Richard Strauss’ 150th birthday was Wednesday. To celebrate, the Pittsburgh Symphony Orchestra performed an all-Strauss program at Heinz Hall Friday night in its final concert of the 2013-14 classical season. The concert showed there are really multiple Richard Strausses — his musical range was not to be limited, least of all by himself.
Conducted by music director Manfred Honeck, it included two orchestral suites from Strauss operas (“Der Rosenkavalier” and, in a world-premiere arrangement, “Elektra”) and the tone poem “Don Juan.”
The PSO had recorded “Don Juan” for its CD of Strauss tone poems, released last year. This interpretation didn’t differ radically, but hearing it live added to the listening experience. The overwhelming wall of sound this orchestra is capable of is more striking in the live setting, and the performance was almost as tight. The opening shot energy into the performance, with contrasting themes releasing the tension like a sigh. Cynthia Koledo DeAlmeida was impressive here (and in later pieces) with a poignant oboe solo. Mr. Honeck’s tempos were thoughtfully chosen, although the horns’ theme was too slow and deflated that moment, at least the first time around.
The orchestra brought a bit of “Don Juan” to “Der Rosenkavalier” with a boisterous beginning section to the suite from that opera. It could have used a few more relaxed tempos early on, but beautiful, delicate waltzes followed. Mr. Honeck brought out myriad colors in the varied takes on the dance. Gorgeous, lyrical middle sections set up the orchestra for the return of a dramatic waltz suspended on Mr. Honeck’s baton that in turn led to a dazzling ending.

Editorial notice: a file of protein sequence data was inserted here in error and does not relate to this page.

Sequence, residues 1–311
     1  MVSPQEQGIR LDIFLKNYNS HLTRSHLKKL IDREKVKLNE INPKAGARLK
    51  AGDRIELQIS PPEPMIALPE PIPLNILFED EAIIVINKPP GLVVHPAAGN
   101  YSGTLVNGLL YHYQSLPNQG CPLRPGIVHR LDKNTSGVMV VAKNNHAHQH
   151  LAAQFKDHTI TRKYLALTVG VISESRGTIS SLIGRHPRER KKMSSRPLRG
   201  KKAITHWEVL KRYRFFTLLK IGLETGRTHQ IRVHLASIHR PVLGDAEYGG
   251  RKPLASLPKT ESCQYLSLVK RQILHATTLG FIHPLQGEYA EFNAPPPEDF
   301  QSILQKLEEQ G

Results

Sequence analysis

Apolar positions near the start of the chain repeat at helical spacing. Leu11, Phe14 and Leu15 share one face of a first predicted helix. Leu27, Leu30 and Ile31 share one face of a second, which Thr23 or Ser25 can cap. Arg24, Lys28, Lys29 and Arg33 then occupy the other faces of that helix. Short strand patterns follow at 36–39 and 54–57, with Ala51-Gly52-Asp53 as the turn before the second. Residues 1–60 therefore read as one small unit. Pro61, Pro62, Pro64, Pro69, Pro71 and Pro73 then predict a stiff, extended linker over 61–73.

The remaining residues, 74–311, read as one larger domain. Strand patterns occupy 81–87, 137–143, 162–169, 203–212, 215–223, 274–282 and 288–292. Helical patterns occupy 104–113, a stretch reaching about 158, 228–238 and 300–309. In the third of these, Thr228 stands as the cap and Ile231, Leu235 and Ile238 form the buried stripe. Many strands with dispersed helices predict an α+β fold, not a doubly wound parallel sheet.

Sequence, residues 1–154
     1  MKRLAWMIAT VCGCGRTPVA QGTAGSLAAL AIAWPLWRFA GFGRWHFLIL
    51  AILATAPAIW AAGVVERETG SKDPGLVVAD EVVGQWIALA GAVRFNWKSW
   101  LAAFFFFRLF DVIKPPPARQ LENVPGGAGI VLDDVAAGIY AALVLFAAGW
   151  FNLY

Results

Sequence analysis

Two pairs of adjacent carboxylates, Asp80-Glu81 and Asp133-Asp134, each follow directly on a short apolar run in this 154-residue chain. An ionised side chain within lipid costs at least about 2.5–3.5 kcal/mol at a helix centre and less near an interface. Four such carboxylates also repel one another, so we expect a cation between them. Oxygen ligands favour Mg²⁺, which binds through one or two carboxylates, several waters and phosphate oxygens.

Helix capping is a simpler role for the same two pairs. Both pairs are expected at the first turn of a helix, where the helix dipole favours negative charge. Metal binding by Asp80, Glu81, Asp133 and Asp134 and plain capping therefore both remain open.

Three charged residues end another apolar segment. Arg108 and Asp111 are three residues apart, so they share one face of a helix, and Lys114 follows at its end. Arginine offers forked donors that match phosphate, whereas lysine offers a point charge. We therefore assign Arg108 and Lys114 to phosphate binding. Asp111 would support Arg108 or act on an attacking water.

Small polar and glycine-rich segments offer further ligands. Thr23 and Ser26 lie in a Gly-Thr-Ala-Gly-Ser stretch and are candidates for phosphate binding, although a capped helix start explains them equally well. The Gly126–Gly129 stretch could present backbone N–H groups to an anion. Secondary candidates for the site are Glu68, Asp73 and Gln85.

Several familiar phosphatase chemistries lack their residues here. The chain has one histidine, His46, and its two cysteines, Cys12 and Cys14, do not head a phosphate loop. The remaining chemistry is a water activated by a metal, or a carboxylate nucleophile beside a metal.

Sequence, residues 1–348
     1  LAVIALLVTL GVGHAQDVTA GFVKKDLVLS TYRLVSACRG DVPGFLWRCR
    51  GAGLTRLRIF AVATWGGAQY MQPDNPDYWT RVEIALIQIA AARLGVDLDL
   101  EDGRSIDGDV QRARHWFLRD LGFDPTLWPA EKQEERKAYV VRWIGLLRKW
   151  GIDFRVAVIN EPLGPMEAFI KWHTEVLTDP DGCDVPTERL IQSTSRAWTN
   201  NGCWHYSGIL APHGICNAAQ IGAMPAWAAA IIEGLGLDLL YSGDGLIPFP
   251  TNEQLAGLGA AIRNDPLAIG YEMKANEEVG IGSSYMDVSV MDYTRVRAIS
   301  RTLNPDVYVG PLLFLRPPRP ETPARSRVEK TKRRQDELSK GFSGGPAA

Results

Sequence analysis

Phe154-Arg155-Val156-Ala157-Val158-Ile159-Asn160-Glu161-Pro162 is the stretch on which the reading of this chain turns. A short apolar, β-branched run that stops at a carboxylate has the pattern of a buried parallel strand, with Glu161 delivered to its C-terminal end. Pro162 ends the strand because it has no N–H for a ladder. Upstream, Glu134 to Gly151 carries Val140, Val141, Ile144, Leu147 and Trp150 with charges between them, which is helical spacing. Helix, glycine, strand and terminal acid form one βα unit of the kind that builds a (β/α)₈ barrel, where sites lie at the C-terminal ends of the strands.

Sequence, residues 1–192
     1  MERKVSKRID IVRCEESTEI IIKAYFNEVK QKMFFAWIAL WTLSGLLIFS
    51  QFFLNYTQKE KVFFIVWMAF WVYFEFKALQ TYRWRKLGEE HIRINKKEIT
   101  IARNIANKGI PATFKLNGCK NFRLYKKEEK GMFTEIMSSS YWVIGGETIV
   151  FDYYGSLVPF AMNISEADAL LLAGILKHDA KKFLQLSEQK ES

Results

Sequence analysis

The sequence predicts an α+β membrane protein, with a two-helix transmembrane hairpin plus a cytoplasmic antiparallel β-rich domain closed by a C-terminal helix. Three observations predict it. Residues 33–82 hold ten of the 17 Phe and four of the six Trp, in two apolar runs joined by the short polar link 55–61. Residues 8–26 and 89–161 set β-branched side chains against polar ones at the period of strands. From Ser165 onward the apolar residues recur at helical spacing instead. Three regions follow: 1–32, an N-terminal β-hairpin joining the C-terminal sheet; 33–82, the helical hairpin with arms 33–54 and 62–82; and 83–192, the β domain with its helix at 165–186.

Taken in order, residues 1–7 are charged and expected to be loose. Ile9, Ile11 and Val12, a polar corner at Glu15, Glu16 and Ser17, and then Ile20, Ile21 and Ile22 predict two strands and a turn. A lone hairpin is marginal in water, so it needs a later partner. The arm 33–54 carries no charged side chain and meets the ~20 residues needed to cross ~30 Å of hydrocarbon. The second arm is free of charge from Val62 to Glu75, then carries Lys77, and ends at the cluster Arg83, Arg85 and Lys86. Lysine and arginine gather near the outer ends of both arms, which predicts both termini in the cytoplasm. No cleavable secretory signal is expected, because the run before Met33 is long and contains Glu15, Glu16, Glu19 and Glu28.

The “Elektra” Symphonic Rhapsody was conceived by Mr. Honeck and orchestrated by composer Tomas Ille — no small task, given Strauss’ magnificent orchestration and huge orchestral writing for the opera. “Elektra” provided a remarkable contrast with “Rosenkavalier,” with the former’s dark character juxtaposing with the schmaltziness of the latter. With a full orchestral complement, the arrangement is heavy, and its dissonance drew me in. Dynamics throughout the spectrum — from thunderous tutti moments, to low brass and horns droning under cellos, to whispering violins — created a haunting, almost frightening character that contrasted with moments of beauty. Some shorter passages did not grab my ears with similar firmness.
The concert marked another milestone: the upcoming retirements of seven PSO musicians who together have been with the orchestra for 261 years. Congratulations to that group.
Elizabeth Bloom: firstname.lastname@example.org or 412-263-1750.